21. This is an extra-ordinary situation when the law was silent and there was no guideline, which caused difference of opinion between the two Hon’ble Members and finally decided by the Third Hon’ble Member. In Quinn Logistics India P. Ltd. Vs. Macksoft Tech P. Ltd.’ taking into consideration different situations including extra ordinary situation, this Appellate Tribunal held that certain period can be excluded while counting the total period of 270 days. The aforesaid principle has also been followed by the Hon’ble Supreme Court in the Case of Arcelormittal India Private Limited vs. Satish Kumar Gupta & Ors. – (2019) 2 SCC 1 as also in the case of ‘Chitra Sharma’(Supra).

22. In view of aforesaid extra ordinary situation, we are of the view that the period from 17th September, 2018 i.e the date of application filed by the Association of the allottees for clarification for the order and till the final decision i.e. 4th June, 2019 i.e. the date the matter was finally decided by the Third Hon’ble Member (Total 260 days), can be excluded for the purpose of counting the 270 days. However, as the matter is pending since long, we are not inclined to exclude the total period of 260 days and instead in the interest of the Allottees, we exclude 90 days for the purpose of counting the period of 270 days of ‘Corporate Insolvency Resolution Process’, which should be counted from the date of receipt of the copy of this order.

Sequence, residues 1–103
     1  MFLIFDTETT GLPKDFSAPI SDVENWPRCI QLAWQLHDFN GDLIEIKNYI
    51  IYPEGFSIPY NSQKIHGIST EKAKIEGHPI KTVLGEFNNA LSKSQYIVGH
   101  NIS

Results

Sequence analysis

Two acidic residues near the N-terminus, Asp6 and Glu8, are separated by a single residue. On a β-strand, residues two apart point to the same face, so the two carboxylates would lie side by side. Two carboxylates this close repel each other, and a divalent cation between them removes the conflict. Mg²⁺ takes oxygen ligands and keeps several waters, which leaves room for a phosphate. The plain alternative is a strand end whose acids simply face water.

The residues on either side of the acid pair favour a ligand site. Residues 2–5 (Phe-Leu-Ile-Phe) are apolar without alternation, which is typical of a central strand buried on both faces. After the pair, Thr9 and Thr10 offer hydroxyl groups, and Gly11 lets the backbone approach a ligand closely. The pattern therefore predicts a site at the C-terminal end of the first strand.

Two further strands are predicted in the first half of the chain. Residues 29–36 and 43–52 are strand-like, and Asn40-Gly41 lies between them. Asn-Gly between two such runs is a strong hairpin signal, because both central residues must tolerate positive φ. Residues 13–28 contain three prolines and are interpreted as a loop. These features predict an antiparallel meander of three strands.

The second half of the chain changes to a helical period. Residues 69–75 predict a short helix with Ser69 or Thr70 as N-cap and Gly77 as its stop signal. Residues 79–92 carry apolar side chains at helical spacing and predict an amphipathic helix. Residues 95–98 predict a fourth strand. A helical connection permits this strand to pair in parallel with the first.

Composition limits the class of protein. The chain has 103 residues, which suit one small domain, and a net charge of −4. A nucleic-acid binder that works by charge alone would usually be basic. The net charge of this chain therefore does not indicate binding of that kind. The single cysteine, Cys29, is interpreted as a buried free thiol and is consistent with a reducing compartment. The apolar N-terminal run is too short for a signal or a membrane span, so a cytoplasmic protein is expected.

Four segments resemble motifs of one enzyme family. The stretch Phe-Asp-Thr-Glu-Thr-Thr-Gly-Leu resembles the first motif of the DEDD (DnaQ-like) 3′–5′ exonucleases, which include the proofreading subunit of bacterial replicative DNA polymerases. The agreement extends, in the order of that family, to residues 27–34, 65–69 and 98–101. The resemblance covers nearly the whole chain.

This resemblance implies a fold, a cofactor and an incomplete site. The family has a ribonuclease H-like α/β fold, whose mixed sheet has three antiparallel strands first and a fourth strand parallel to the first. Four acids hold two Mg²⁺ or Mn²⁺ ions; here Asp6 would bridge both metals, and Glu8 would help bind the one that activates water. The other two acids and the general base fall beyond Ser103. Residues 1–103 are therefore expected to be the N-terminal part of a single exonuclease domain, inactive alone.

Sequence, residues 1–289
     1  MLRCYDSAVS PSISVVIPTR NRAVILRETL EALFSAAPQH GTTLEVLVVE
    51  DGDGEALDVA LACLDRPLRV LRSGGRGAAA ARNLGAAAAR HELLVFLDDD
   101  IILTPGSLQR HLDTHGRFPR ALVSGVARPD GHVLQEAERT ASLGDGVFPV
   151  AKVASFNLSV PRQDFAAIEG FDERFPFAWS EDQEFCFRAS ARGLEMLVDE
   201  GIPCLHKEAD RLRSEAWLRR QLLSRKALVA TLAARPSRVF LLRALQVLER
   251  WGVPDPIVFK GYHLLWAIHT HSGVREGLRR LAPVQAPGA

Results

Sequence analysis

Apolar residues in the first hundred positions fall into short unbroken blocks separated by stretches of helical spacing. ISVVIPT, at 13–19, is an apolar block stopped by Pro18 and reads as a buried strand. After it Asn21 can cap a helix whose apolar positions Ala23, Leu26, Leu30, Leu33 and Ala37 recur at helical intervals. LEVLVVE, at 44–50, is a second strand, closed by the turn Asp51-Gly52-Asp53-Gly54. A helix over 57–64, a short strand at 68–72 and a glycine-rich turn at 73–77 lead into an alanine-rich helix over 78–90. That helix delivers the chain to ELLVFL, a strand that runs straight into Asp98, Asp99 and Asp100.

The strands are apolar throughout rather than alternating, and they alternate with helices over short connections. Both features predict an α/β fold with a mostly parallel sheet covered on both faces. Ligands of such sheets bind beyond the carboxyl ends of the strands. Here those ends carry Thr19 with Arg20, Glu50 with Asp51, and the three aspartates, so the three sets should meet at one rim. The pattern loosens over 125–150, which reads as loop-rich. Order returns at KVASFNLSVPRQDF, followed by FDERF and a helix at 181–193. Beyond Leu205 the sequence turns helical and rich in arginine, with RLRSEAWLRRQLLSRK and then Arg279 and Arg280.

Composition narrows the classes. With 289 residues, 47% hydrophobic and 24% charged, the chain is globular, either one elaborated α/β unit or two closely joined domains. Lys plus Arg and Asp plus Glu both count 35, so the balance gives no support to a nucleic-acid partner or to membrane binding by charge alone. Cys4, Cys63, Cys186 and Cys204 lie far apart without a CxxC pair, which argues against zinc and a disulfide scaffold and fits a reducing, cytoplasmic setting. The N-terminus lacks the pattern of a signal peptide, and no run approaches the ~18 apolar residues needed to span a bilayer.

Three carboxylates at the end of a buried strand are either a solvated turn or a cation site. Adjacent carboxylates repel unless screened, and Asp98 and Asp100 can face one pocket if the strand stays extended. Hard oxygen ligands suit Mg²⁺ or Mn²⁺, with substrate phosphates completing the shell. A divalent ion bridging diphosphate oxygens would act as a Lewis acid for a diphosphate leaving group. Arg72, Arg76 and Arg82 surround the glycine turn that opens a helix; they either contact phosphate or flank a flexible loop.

23. The aforesaid period is excluded to enable the ‘Resolution Professional’/‘Committee of Creditors’ to call for fresh ‘resolution plans’ and to consider them, if so required after negotiations pass appropriate order under sub-section (5) of Section 30 of the I&B Code preferably within a period of 45 days. Rest of the period of 45 days margin is given to remove any difficulty and appropriate order as may be passed by the Adjudicating Authority.
The voting share of the allottees should be counted in terms of ‘I & B Code’ as existing on the date of voting/’Regulation’ and/or in accordance with majority decision of the Adjudicating Authority.

24. It is made clear that all the earlier ‘resolution plan(s)’ including the plan submitted by the ‘NBCC’, cannot be considered, having been rejected by the ‘Committee of Creditors’. However, it will be open to the ‘NBCC’ to file a fresh improved ‘resolution plan. It is informed that ‘Adani Infra (I) Ltd.’ also proposed to file ‘resolution plan’ but we are not expressing any opinion with regard to the same. We have given opportunity to all the eligible persons to file ‘expression of interest’/ (improved) ‘resolution plan’, individually or jointly or in concert with any person, but those who are ineligible in terms of Section 29A, are barred from filing such plan. No liberty is given to ‘Jaiprakash Associates Ltd.’, in view of the aforesaid observation and decision of Hon’ble Supreme Court in ‘Chitra Sharma’ (Supra)

25. In view of the aforesaid observations, we are not inclined to interfere with the impugned order dated 26th May, 2019. Order of exclusion having already passed by this Appellate Tribunal, C.A. No. 115 of 2019 in C.P. No. (IB) 77/ALD/2017 preferred by the ‘Resolution Professional’ and the order dated 6th May, 2019 as impugned in ‘Company Petition (AT) (Insolvency) No. 536 of 2019’ are declared infructuous.
Both the appeals stand disposed of with aforesaid observations and directions.

[Justice S.J. Mukhopadhaya]
Chairperson
[Justice Bansi Lal Bhat] Member (Judicial)

New Delhi
30th July, 2019